16 16 Classes You can define classes (nouns) in any source file You don't have to define classes in a file with the same name … although many developers do like to do this Standard C++ classes are all lowercase E.g. string E.g. list E.g. file Some developers like to use capitalization (like in Java) E.g. BankAccount E.g. Bank E.g. Customer

17 17 Functions and Methods C++ is based on C (this is an important pragmatic point) So C++ supports global functions i.e. you don't have to define everything in a class! C++ offers many global functions from its C heritage, and are all lowercase E.g. sqrt() E.g. max() E.g. printf() Some developers like to use capitalization E.g. CalcInterest() E.g. TransferFunds()

18 18 3. Declaring and Using Variables Variables Constants #define directives C++ built-in types Using integers Using floating point variables Using characters Using booleans Quiz

19 19 Variables All applications use variables A variable has a name, a type, and a value Note, all variables in C++ are "garbage" until you assign a value!!! General syntax: Example: A variable also has a scope: Block scope Method scope Object scope Class scope type variableName = optionalInitialValue; int yearsToRetirement = 20;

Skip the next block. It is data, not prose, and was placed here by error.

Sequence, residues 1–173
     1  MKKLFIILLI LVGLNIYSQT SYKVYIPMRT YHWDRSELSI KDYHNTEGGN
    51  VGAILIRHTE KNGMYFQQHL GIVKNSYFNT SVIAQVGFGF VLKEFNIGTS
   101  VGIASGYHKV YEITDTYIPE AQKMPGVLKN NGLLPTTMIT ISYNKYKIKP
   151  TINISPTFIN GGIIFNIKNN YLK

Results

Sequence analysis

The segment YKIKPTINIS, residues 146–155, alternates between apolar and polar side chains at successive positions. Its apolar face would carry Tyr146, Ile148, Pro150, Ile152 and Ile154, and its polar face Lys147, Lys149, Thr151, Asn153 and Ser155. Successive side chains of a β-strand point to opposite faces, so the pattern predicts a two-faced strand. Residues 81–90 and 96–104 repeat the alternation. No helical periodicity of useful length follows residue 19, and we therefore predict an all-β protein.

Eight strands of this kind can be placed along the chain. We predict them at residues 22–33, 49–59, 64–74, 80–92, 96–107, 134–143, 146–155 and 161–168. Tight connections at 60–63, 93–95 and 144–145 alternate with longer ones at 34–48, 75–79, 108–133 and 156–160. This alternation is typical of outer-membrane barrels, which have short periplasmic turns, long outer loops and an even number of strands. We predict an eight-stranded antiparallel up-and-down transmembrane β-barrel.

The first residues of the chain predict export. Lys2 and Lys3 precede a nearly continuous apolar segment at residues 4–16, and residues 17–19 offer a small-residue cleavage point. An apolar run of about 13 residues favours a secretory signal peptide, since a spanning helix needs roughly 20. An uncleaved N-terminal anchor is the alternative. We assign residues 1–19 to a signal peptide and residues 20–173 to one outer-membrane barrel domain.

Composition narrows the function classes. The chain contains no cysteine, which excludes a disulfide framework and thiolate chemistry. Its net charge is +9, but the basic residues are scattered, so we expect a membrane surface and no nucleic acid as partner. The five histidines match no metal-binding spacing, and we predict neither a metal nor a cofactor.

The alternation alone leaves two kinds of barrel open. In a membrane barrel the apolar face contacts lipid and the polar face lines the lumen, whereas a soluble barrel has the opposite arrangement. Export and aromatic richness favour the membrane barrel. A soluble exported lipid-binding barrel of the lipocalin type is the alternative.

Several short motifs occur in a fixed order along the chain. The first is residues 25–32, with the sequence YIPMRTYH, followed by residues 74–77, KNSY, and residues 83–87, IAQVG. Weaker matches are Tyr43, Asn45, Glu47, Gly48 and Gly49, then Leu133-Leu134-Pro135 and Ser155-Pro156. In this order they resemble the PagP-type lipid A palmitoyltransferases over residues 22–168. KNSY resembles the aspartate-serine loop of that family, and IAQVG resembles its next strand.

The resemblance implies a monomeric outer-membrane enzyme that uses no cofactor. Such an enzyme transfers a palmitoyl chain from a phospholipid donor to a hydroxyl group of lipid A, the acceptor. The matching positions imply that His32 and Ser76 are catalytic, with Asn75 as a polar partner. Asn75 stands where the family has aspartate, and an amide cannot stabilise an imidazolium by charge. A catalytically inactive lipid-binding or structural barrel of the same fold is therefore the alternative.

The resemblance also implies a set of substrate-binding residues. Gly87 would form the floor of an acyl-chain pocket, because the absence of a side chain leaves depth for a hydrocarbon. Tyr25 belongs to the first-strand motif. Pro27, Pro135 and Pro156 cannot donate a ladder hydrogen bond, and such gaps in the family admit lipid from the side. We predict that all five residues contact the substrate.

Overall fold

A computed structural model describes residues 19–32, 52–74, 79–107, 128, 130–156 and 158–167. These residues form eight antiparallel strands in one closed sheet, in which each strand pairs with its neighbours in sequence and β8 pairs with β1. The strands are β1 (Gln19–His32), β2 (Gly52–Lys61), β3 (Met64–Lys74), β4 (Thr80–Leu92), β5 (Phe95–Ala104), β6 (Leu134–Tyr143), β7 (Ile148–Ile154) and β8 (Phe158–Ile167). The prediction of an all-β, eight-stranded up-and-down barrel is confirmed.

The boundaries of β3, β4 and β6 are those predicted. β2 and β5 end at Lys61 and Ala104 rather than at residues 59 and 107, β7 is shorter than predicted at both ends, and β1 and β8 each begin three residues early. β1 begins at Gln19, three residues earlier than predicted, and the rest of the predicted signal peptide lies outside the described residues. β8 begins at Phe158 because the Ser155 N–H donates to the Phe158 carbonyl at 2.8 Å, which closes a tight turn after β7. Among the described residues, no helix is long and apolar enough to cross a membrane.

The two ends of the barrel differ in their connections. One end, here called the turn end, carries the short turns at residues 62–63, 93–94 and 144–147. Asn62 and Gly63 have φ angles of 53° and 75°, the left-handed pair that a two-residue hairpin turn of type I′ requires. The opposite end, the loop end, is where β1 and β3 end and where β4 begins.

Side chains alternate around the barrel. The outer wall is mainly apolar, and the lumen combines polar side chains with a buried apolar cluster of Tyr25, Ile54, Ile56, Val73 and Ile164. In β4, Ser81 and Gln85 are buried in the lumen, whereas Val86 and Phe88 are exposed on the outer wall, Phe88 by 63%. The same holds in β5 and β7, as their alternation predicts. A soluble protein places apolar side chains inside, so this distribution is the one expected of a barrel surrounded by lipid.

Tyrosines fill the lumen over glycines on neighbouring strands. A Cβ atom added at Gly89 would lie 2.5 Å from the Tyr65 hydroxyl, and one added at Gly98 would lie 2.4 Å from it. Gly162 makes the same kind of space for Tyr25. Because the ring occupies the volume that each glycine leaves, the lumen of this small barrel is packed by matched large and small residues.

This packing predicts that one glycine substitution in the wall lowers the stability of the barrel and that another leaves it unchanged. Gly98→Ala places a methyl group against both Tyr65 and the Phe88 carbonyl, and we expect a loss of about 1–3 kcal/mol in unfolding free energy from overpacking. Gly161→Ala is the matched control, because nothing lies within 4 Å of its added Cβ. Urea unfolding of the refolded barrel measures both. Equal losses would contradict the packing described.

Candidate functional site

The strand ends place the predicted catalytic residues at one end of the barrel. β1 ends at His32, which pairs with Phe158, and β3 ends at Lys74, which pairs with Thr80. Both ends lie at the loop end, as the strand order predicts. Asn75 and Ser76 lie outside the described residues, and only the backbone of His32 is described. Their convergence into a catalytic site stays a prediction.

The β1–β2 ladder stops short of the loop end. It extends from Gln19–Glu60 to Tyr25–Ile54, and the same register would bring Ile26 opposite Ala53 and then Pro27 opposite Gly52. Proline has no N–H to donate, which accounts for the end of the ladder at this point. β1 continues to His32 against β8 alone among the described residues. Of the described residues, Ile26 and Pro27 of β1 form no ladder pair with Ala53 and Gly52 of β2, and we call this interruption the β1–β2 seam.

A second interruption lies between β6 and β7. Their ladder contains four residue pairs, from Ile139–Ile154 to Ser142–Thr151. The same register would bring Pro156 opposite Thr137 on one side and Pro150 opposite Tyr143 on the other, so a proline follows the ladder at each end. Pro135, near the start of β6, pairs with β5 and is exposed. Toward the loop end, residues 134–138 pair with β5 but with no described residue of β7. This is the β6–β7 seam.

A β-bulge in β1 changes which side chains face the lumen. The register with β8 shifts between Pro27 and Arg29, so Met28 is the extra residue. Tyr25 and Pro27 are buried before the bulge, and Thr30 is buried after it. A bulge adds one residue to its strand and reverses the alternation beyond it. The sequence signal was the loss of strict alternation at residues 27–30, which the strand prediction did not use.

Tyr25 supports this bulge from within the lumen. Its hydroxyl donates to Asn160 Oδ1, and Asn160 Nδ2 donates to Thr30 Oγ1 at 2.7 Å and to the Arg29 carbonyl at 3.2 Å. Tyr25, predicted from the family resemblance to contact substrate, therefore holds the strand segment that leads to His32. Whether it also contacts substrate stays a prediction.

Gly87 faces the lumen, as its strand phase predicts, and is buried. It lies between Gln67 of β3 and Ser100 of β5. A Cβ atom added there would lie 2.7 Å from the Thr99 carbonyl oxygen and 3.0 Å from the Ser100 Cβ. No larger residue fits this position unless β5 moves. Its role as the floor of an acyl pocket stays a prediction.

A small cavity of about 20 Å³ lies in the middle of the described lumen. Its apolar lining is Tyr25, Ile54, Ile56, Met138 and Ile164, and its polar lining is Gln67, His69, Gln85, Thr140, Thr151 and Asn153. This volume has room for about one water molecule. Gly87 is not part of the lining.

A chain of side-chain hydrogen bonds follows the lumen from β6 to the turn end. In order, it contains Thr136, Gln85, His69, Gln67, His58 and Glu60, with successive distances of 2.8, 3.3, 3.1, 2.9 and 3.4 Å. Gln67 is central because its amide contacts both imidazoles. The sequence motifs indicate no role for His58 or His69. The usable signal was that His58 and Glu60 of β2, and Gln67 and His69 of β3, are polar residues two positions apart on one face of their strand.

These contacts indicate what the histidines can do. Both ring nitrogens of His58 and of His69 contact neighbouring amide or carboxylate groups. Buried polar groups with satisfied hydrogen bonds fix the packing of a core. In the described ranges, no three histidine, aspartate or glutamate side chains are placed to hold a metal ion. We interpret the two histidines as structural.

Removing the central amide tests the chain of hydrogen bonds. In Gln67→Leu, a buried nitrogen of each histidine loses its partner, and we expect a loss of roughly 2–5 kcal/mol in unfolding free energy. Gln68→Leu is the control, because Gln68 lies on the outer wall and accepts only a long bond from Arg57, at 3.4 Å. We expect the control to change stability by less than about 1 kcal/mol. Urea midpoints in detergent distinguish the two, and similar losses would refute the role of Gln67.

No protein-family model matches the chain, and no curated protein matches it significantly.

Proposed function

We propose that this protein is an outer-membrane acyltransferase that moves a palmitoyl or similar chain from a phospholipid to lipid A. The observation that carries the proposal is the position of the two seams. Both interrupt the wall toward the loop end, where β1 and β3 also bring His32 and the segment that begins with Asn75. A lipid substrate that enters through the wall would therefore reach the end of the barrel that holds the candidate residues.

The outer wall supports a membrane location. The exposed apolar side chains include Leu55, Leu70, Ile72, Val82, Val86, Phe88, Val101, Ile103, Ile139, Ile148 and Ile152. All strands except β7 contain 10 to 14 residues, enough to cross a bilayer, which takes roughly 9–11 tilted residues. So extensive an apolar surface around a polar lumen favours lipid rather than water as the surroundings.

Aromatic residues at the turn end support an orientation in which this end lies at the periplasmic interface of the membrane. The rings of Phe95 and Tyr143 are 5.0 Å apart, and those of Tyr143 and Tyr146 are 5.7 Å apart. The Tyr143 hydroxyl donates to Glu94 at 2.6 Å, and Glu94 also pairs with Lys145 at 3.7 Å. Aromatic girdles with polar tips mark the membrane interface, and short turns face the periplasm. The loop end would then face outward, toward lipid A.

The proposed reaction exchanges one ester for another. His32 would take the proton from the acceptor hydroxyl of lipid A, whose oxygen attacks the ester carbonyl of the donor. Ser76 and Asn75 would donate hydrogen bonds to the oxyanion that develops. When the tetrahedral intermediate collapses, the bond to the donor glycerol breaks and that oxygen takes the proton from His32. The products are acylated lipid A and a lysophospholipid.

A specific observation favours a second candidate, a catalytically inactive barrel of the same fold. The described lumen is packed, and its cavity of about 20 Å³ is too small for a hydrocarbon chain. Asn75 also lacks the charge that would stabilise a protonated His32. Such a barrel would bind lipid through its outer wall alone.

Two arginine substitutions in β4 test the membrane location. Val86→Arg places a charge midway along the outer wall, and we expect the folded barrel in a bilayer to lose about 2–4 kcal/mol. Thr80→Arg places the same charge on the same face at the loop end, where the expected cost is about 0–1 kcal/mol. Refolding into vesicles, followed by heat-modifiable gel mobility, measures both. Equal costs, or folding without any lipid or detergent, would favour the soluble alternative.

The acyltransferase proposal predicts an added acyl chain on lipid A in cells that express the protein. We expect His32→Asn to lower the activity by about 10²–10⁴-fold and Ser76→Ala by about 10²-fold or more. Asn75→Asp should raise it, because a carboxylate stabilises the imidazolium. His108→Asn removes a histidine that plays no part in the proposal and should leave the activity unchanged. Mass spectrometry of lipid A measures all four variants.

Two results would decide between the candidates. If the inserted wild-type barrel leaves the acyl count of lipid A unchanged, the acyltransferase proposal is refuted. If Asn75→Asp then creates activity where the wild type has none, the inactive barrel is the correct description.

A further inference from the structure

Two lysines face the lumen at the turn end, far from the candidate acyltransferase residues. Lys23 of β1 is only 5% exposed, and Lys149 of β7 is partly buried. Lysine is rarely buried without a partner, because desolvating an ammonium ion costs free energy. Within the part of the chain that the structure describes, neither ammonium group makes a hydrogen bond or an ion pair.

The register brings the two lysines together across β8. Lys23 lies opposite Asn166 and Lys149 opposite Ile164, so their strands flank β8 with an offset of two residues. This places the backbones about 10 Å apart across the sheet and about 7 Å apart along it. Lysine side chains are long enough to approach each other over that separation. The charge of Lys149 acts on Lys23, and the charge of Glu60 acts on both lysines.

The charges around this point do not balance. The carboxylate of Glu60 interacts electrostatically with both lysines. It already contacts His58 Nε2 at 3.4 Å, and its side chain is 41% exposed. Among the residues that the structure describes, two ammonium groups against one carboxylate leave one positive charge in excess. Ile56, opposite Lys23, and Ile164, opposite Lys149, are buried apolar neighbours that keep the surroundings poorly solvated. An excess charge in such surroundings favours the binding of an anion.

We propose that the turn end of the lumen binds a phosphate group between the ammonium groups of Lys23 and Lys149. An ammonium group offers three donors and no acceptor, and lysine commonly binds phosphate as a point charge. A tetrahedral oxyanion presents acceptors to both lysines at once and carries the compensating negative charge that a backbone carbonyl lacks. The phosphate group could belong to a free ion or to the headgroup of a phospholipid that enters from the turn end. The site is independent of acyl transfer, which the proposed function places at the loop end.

20 20 Constants A constant is a fixed "variable" Use the const keyword (similar to final variables in Java) Make sure the constant has a known initial value The compiler will ensure you don't modify the constant thereafter General syntax: Example: const type CONSTANT_NAME = initialValue; const long SPEED_OF_LIGHT = ; const int SECONDS_IN_MIN = 60; const int SECONDS_IN_HOUR = SECONDS_IN_MINUTE * 60; const string BEST_TEAM_IN_WALES = "Swansea City"; // const long SPEED_OF_LIGHT = ; const int SECONDS_IN_MIN = 60; const int SECONDS_IN_HOUR = SECONDS_IN_MINUTE * 60; const string BEST_TEAM_IN_WALES = "Swansea City"; //

21 21 #define Directives C++ code can use #define directives (originated in C) Anything that starts with # is a pre-processor directive Expanded (prior to compilation) by the pre-processor Examples in the standard C++ header file: #define directives can take parameters These are known as macros… good or bad? #define INT_MIN #define INT_MAX #define UINT_MAX … #define INT_MIN #define INT_MAX #define UINT_MAX … #define MAX(a, b) (((a) > (b)) ? (a) : (b))

22 C++ Built-in Types Here is the full set of built-in types in C++: Note: the size/range details vary, based on compiler and platform 22

23 23 Using Integers Integers store whole numbers C++ supports signed and unsigned ints (default is signed ) Absolute size of these types is platform-dependent! You can use decimal, hex, or octal notation Examples: int x, y, z; short age; long population; unsigned short goalsScored; int yearOfBirth = 1997; short goalDifference = -5; long favouriteColor = 0xFF000000; // Hexadecimal int bitMask = 0701; // Octal int x, y, z; short age; long population; unsigned short goalsScored; int yearOfBirth = 1997; short goalDifference = -5; long favouriteColor = 0xFF000000; // Hexadecimal int bitMask = 0701; // Octal